The Indo-US diplomatic relations have always been on a roller-coaster ride. From the time of the Jawaharlal Nehru regime, various US administrations have adopted different policies to deal with India vis-à-vis the neighbouring Pakistan and later China. As a result, even during the thick of our friendship era, both the nations never nursed the relationship of mutual trust and confidence. Therefore, international experts take Indo-US relations on event-to-event basis and are reluctant to pass any blanket judgement. The postponement, for the second time, of the first ‘2+2 Dialogue’ involving the foreign and defence ministers of the two nations is being projected by some as a setback in India-US strategic relations. The previous postponement was related to the absence of a US Secretary of State following the firing of Rex Tillerson. The latest reason is the unavailability of his successor Mike Pompeo due to North Korea-related travel.
However, though these postponements are disappointing for India and indicative of US political priorities at the moment, citing this as evidence of a reversal or setback in India-US security relations should be described as short-sighted. One must consider how much the India-US strategic and security relationship has evolved over the past quarter century. A visit by the Indian Air Force chief to Washington in 1995 and a 1997 trip by the US Vice Chairman of the Joint Chiefs of Staff to India were ground-breaking at the time. After India’s 1998 nuclear test, the US led the imposition of strong sanctions on India, suspending all defence sales, lines of credit, international financial institution loans, visas for Indian scientists and non-critical aid.
India-US security partnership
In today’s situation, the India-US security partnership encompasses a large variety of activities, from information sharing and joint exercises to defence sales and emerging industrial cooperation. Even after Donald Trump’s election, developments in security relations over past 18 months have surpassed expectations in several areas. The first is in terms of bilateral engagement. In 2017, Trump met with Prime Minister Narendra Modi and agreed to a joint communiqué that reflected many Indian concerns. Less noticed, but no less significant, is the almost constant two-way traffic of working level security officials, both from the armed services and among civilian bureaucrats. Secondly, co-operation and coordination involving third countries has also increased. India-US-Japan conversations have been upgraded. A working-level quadrilateral dialogue has been resurrected, and has now met twice. A new trilateral infrastructure working group involving India, the US, and Japan has also been established. Country-specific coordination in third countries has increased, as in Sri Lanka. Differences on Pakistan have also been moderated, including a sharp reduction in the US aid to Pakistan after giving the reason that the aid in arms has been used to promote terrorism mainly against India.
Certainly, India and the United States will continue to have their differences. The US Congress has imposed tough sanctions against countries engaging economically with Russia, despite reluctance by the White House about its impact on ties with India. While the wiggle room afforded the executive branch in pending US legislation remains to be seen, the imposition of sanctions would definitely harm defence relations with India, which has made it clear that it will continue major arms purchases from Russia. Similarly, the unilateral US withdrawal from the Iran nuclear deal risks American sanctions on Indian entities engaged in commerce with Iran, a move that will particularly affect India’s energy sector.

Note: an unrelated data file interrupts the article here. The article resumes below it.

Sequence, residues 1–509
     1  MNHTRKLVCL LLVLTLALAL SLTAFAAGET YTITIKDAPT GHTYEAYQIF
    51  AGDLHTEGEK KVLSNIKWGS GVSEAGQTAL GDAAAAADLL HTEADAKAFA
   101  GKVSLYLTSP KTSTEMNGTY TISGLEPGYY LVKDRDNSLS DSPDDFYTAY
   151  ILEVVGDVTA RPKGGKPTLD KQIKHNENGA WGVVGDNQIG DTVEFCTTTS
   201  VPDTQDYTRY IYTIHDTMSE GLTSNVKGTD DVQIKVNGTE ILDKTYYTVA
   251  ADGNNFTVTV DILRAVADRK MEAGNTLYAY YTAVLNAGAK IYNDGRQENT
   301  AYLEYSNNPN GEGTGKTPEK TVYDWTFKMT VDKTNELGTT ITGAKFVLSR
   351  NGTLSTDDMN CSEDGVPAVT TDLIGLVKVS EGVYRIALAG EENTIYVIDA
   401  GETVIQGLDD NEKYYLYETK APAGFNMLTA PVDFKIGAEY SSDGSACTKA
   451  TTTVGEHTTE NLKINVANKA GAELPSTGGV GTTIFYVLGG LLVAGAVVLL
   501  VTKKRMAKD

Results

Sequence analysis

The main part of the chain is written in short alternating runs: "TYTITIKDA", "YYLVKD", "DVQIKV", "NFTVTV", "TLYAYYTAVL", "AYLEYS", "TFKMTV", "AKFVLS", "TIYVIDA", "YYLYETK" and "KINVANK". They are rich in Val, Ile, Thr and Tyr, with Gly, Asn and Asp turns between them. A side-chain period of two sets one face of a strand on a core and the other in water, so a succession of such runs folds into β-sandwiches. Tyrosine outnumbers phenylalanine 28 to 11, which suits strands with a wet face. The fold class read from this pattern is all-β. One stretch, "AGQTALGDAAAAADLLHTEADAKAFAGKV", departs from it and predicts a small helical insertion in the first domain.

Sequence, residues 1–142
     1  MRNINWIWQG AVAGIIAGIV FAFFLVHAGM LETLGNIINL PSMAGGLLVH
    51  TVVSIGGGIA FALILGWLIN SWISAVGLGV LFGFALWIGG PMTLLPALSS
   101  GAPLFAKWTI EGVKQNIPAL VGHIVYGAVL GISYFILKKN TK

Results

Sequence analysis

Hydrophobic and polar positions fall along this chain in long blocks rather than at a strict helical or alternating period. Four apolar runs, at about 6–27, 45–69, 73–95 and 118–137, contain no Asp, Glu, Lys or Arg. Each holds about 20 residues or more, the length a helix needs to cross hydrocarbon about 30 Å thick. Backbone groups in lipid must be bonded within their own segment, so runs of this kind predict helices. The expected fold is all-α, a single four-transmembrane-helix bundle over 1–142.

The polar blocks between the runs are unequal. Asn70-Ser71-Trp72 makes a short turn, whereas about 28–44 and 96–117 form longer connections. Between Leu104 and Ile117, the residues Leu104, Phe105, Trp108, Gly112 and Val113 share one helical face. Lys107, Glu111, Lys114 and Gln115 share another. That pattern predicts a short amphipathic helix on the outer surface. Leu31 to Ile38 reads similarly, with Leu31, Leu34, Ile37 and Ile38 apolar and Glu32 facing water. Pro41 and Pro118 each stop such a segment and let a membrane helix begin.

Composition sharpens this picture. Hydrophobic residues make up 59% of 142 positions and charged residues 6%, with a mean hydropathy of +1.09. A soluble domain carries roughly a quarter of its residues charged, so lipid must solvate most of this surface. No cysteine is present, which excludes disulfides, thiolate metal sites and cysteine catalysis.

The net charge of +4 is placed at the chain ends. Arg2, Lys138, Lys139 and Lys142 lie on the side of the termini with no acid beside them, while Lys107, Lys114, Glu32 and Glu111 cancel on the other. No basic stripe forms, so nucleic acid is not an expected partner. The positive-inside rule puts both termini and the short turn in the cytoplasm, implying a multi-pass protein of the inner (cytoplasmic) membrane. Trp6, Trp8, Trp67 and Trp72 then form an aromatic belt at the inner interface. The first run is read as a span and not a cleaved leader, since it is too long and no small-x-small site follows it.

An escalating trade war between the United States and China has already begun to affect India, which has retaliated by giving notification of increased tariffs on select imports from the US in all three cases; from Washington’s standpoint, India is a secondary target to Moscow, Tehran, and Beijing. Nonetheless, it is natural that India should adopt a tough negotiating position with Washington in a bid to resolve these differences in its favour. Barring severe escalations in these three areas, which are still possible if they are not carefully negotiated in the coming weeks and months, such differences will not fundamentally alter the broad trajectory of India-US defence relations.
US believes in commercial terms
This situation that has a long history only means that Indo-US relations can never be permanently ‘friendly’ in the true sense of the term. This is because, for all said and done, the US administration believes in relations on commercial terms. Therefore, the US never had and shall never have a permanent friend or a permanent foe. Only its self-interests are permanent. The US administrations, whether John F Kennedy and Barrack Obama, who were considered India’s best friends or Gerald Ford and Richard Nixon who hated India and its foreign policy, were never consistent about their own policies. The US Governments always loved spoilt Indo-Pak relations as it has always been a trigger-hungry nation. Not because it loves violence and killing of people but because if there are wars, the weapon industry there gets more profitability.
One must recall, in the recent past when Obama came to India with a great fanfare, the next day he was in Rawalpindi. His Secretary of State, Hillary Clinton, came to India after visiting Pakistan. For the US, both India and Pakistan are the South Asian nations useful to enhance US commercial interests.
Therefore, one should never be over too happy if President Donald Trump hugs Prime Minister Narendra Modi or should not be disheartened if the ‘2+2 Dialogue’ is aborted for whatever reasons. It all happens because we are always on a ‘roller-coaster ride’.
Bharatkumar Raut is a political analyst and former Member of Parliament (RS).